"The Millennial generation is changing the media world, and we have really embraced them," says Danielle Mullin, VP-marketing. "They go online to gather their information, whether it's for news about their favorite shows or to discover and share new music and artists with their friends. Platforms such as Facebook and Twitter allow us to engage and connect with them on a daily basis, creating a deeper relationship than we can with traditional media tactics."

Carter Covington, executive producer and writer of the network's comedy hit "10 Things I Hate About You," says social media offers immediate feedback—which can be good and bad. "It [is] like an instantaneous focus group: What storylines are people responding to, which characters are popping? Social media is one of the most useful tools creators have.

"It works both ways," he adds. "Sometimes you hear things you don't want to hear. ...I try to stay as objective as possible and remember that it is a tool."

"It's a marketing dream come true to maintain an ongoing dialogue with an engaged group of super fans over the course of several seasons," says Ms. Mullin, who adds that success is measured by fan count, engagement rates, video views and "retweets." "We've discovered that it's not as hard as we thought to build e-friendships with our Millennial viewers, even when we're delivering a marketing message."

WE tv's lifestyle format includes an array of video, blogs and advice on weddings, sex, food, pets, moms and moms-to-be that depends on its Web site and a presence on 15 social media platforms to promote people and programs, and to build audience.

"It's incredibly amazing how fast information is shared and how far-reaching social media is as a platform," says Kenetta Bailey, senior VP-marketing for WE tv and "Wedding Central." "You can post a video and a few days later it's been spread to thousands of people, many of [whom] are potential new viewers."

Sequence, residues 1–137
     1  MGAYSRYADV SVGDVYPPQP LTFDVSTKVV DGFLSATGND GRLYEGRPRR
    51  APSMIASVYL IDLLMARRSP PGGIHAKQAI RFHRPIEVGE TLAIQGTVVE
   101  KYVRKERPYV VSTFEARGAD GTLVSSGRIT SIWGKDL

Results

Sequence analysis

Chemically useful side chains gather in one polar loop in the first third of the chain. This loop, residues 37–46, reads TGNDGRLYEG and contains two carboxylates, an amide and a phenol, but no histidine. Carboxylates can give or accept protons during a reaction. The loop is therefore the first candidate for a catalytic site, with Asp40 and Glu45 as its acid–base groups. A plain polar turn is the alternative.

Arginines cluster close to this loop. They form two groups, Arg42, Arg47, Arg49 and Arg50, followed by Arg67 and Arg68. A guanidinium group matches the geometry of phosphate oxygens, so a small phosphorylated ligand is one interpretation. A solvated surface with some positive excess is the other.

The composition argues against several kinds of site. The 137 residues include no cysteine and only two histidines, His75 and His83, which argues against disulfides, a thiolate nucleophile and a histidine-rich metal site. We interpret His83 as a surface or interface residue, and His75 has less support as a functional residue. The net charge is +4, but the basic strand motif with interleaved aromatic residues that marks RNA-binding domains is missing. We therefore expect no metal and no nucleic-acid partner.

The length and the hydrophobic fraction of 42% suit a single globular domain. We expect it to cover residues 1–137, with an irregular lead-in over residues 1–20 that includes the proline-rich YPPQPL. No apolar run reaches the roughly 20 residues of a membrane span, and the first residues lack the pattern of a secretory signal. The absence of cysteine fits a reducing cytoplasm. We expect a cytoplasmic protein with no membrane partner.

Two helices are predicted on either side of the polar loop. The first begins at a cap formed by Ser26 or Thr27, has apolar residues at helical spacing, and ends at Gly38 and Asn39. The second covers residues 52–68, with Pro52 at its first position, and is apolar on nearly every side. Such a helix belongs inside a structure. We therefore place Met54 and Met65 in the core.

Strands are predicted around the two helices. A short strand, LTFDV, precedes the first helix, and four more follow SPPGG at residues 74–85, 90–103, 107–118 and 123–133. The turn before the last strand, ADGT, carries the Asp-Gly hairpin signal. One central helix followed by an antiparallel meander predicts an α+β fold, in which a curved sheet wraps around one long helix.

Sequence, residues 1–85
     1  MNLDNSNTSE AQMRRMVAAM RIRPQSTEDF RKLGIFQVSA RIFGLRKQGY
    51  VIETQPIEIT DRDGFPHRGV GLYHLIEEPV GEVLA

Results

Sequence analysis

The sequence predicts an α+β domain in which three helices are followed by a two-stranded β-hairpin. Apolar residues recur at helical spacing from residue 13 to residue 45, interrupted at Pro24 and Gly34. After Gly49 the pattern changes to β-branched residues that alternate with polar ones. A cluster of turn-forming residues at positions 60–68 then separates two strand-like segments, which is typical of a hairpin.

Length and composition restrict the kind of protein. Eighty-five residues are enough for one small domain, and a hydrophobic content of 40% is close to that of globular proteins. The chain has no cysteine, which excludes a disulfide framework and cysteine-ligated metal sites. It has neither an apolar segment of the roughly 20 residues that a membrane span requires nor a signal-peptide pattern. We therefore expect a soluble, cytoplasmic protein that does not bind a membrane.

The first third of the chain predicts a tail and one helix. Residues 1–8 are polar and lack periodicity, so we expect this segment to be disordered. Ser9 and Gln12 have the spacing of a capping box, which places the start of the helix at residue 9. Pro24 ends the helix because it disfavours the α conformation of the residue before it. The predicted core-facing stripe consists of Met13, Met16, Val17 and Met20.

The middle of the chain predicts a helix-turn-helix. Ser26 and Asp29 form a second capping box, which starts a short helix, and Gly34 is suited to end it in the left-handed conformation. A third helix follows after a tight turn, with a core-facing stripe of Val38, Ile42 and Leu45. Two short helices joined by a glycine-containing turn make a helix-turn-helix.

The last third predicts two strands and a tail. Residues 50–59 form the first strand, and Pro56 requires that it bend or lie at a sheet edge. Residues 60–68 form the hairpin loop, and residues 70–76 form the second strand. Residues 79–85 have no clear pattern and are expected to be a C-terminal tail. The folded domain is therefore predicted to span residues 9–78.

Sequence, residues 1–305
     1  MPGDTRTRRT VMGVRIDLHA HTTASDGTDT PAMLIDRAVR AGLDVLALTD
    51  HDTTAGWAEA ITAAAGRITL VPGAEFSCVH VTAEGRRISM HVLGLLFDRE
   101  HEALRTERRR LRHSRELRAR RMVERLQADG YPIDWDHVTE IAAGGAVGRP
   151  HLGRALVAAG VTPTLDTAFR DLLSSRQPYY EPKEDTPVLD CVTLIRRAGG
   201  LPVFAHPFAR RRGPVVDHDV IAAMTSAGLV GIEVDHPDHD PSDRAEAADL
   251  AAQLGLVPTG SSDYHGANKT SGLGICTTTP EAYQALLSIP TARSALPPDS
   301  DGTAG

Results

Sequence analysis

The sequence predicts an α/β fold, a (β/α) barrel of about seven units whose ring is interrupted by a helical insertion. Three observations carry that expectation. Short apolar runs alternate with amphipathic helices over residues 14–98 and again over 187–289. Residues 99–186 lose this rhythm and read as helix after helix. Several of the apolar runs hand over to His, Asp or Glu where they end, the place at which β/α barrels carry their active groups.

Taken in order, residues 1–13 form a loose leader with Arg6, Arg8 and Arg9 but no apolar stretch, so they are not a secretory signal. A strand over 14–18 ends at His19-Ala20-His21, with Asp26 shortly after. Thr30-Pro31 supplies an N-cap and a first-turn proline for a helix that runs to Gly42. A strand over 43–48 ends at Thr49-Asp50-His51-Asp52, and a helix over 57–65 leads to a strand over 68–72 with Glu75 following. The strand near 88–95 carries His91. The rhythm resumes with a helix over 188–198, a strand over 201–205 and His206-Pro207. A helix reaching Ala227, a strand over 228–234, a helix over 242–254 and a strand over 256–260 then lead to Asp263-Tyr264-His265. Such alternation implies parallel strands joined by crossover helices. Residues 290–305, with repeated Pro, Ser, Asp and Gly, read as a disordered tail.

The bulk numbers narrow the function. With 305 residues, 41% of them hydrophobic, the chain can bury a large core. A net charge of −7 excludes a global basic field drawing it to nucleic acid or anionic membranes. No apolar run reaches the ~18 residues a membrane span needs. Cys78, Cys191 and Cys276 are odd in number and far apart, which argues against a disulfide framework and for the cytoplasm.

David Tutera, host of WE tv's original series "My Fair Wedding," enjoys the company of 28,000 friends on Facebook and appreciates the power of the social platforms. "Social media has been a great way to connect with fans and share additional information in real time on what is happening with my career, filming, speaking engagements, book releases," the celebrity party planner says.

That sentiment is music to the ears of WE tv's marketing team, which now routinely uses social media to create a stronger bond with fans by posting exclusive sneak peeks, answering viewers' questions and, in turn, asking their opinions on shows and contests. Ms. Bailey suggests that social platforms will play an even larger role in future marketing.

As popular as Facebook and Twitter are for entertainment programming, they have taken on a whole new meaning at cable news networks.

Nearly 60 percent of Americans get their news from a combination of on- and offline sources, according to a recent study by the Pew Research Center. The Internet is currently the third most popular news platform, after local and national TVnews.

The Pew report says 37 percent of Internet users have contributed to the creation of news, commented about it or shared it via postings on social media sites. For news outlets such as NBC News, that means viewers and users will want more interaction and to read the tweets of news personalities David Gregory, Ann Curry and Rachel Maddow who together have more than 4 million followers on Twitter.

"When it comes to Twitter ... one surprise for me has been the extent to which you can actually convey journalism in 140 characters," says Mark Lukasiewicz, VP-NBC News specials and digital media. "Our goal is to be in any place that people are absorbing, sharing, discussing and contributing news and information. Increasingly, social media is that kind of place."